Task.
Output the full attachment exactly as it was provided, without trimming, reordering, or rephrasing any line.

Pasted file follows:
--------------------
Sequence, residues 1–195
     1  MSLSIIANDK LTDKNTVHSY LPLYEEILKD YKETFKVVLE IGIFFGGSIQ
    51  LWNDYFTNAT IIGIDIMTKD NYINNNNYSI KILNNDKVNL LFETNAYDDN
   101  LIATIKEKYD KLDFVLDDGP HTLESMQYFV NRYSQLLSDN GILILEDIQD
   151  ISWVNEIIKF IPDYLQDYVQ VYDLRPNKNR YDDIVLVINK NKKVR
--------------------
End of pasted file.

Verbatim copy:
Sequence, residues 1–195
     1  MSLSIIANDK LTDKNTVHSY LPLYEEILKD YKETFKVVLE IGIFFGGSIQ
    51  LWNDYFTNAT IIGIDIMTKD NYINNNNYSI KILNNDKVNL LFETNAYDDN
   101  LIATIKEKYD KLDFVLDDGP HTLESMQYFV NRYSQLLSDN GILILEDIQD
   151  ISWVNEIIKF IPDYLQDYVQ VYDLRPNKNR YDDIVLVINK NKKVR